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Is use of a metal oxide varistor (MOV) an appropriate remedy for Nest Hello's failing battery?


I posted the following on May 5, 2022.  Since then, Google Nest actually moved my post to an unrelated thread that was already locked.  Seriously!!  So I'm posting it again:

Hundreds of Google Nest customers (see the thread at the bottom of this post, among others) have reported that, after our Google Nest Hello Doorbells (aka Google Nest Doorbell [wired]--not the new Google Nest Doorbells [Battery]--are a year or two old, they often start to fail to ring the indoor chime and instead go offline for a minute whenever the doorbell button is pressed. The apparent cause is the failure of the small internal battery. The only known workaround is to turn off one's indoor chime and rely on visitor notifications on a Nest Hub or Nest Mini.

Google Nest's only reply over the last six months is to say that they are investigating and to ask customers to fill out a "form".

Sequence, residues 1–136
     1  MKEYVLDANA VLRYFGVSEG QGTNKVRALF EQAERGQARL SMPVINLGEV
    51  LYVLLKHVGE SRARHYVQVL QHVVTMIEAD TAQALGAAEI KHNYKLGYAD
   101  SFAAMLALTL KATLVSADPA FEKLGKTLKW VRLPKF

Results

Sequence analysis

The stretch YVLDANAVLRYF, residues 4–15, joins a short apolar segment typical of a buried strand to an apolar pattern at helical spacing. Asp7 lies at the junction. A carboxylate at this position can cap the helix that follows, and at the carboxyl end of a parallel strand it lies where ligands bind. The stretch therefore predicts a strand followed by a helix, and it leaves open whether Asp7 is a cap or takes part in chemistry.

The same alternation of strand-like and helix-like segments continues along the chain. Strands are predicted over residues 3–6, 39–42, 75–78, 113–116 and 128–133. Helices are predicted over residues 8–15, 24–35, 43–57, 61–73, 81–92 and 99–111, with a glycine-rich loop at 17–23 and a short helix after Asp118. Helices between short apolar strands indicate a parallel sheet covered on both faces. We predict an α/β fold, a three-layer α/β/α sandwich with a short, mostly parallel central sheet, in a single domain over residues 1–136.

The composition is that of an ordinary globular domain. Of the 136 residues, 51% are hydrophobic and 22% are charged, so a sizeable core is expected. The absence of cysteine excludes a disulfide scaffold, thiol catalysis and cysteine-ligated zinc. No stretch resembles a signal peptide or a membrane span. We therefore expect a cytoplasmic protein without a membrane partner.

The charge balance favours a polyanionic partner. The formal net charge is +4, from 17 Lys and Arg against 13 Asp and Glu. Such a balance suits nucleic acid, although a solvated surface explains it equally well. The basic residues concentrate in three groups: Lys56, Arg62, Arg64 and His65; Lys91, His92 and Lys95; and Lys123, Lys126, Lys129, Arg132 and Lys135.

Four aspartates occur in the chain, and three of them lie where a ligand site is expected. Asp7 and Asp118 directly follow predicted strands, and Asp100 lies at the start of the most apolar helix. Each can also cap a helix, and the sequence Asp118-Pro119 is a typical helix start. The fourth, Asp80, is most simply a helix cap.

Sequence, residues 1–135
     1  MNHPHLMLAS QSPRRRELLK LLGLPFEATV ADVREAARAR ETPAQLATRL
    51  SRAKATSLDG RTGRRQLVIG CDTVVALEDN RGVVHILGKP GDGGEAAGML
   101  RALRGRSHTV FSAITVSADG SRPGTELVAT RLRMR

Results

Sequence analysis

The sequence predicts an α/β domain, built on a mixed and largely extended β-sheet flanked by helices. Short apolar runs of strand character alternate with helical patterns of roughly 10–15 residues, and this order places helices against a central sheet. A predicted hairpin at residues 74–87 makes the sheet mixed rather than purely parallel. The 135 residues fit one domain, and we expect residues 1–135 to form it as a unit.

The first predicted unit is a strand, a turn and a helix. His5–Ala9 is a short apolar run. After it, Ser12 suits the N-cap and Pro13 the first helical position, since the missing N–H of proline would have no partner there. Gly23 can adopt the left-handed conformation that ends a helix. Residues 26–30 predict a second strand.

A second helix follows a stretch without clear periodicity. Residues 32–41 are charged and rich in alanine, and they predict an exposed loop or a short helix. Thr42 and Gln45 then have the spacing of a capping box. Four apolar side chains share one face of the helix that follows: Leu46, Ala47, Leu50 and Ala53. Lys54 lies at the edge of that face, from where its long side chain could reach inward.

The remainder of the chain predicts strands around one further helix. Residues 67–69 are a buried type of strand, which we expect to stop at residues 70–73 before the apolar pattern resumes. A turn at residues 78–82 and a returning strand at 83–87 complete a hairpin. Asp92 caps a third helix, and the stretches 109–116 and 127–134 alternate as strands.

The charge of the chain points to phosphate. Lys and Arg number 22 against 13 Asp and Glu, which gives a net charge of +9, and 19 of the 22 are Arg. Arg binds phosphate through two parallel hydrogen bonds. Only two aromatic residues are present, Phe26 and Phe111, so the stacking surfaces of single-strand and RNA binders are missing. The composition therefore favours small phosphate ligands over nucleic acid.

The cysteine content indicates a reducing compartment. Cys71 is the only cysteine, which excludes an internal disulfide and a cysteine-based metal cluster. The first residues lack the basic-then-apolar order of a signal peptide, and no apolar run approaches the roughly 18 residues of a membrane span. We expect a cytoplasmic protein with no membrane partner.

A few customers (but not all) have had success correcting this problem by connecting an inexpensive metal oxide varistor (MOV) to their chime. The customer who came up with this remedy has reported it to Google Nest; they have not responded. On the thread below and on other threads, I have asked Google Nest several times over the last several weeks to comment on whether the use of a MOV is an appropriate remedy, whether there is any electrical risk, whether it could further damage the doorbell, and whether it is a suitable long-term remedy.

Even though Google Nest is the maker of the Nest Hello doorbell and possesses unique technical knowledge about the doorbell, they have not responded to my repeated requests or those of other customers.

Since Google Nest has not provided any other remedy for the failing internal battery in Google Nest Hello Doorbells, I think it is appropriate for Google Nest to respond to this question.